While no events took place in Kingston, Ont., to commemorate Emancipation Day on Aug. 1, some groups took time out to reflect on its importance and the end of slavery.
Judith Brown, a historian with Kingston’s African Caribbean Collective, says, “It is important because its a time to recognize freedom from slavery”.
On Aug. 1, 1834, slavery was abolished in Canada, something that has not always been recognized on a national level. In March, however, the House of Commons voted unanimously to officially commemorate Emancipation Day.
The Kingston African Caribbean collective, a group of local people that focus on the African and Caribbean community, are reflecting on what exactly the day means to them.
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“It makes me feel really good to know that people have finally come to this,” Brown says.
“It just shows that people are beginning to understand their history more and I think when they do they look at us differently, and so it means a lot to me to have it recognized because I think it will be a change in the story with regard to Black folk.”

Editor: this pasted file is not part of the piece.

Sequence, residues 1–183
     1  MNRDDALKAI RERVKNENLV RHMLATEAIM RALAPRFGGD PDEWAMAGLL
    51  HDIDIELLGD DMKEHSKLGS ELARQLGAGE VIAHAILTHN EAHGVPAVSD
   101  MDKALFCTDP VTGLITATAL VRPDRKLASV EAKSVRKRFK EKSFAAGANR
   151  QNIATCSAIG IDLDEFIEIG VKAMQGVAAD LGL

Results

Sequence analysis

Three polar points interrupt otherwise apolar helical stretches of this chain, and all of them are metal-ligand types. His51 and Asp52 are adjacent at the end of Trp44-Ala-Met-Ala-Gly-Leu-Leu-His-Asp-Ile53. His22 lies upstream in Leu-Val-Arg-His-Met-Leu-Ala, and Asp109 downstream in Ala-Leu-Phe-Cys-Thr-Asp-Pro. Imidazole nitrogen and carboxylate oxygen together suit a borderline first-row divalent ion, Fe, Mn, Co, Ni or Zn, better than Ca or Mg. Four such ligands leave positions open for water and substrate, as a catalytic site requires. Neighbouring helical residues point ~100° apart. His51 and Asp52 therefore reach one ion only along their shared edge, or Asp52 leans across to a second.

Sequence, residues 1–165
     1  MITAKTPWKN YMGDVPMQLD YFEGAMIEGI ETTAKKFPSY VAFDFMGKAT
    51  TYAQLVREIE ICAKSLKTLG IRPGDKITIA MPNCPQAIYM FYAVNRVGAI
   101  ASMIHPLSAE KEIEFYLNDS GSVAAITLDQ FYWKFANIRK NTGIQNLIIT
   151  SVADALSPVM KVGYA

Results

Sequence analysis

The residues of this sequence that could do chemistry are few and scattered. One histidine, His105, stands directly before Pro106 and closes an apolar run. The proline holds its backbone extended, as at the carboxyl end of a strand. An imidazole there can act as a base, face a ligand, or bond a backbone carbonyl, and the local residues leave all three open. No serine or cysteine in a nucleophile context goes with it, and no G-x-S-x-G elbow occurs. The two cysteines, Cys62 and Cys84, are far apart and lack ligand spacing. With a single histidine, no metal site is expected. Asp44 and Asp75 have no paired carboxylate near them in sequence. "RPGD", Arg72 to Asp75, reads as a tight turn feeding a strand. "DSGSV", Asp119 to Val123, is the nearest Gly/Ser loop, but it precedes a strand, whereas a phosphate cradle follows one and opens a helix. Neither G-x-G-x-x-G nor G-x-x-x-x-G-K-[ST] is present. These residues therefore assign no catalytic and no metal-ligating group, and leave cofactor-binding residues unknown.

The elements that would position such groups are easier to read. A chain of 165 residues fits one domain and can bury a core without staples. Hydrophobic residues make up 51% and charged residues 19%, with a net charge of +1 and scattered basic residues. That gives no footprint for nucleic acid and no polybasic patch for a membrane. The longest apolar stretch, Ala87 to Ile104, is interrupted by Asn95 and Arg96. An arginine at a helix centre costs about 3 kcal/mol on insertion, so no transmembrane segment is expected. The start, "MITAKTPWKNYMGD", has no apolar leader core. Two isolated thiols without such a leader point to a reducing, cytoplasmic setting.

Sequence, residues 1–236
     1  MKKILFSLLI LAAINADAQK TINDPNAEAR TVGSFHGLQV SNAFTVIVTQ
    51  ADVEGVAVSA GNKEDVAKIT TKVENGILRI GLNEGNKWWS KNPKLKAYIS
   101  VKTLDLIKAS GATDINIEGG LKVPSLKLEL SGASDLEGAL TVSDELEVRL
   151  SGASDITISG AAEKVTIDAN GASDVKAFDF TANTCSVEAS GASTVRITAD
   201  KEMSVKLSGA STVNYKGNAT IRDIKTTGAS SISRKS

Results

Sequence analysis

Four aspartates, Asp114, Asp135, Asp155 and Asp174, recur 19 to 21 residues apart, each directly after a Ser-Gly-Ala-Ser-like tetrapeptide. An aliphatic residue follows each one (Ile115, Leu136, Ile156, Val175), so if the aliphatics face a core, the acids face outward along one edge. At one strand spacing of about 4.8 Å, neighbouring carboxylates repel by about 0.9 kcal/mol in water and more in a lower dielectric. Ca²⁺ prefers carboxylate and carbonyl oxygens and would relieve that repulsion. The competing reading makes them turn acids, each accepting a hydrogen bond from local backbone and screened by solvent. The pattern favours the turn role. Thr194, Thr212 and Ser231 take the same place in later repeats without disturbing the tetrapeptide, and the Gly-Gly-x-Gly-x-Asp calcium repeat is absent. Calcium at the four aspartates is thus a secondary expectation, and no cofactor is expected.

Meanwhile, that story continues to be told by other members of the K.A.C.C. Felix Akol, the group’s chair, says conversations surrounding the topic of slavery are important to have, and making Emancipation Day a federal holiday will allow for that to happen.
“In developing those conversations and trying to educate ourselves on each other’s history, its good to have something grounded that people can look towards and say, ‘Oh, this is significant because it’s defined in this way,” Akol says.
Although K.A.C.C. did not commemorate the new holiday with any events, they say they plan to do so in the future while continuing to educate the community.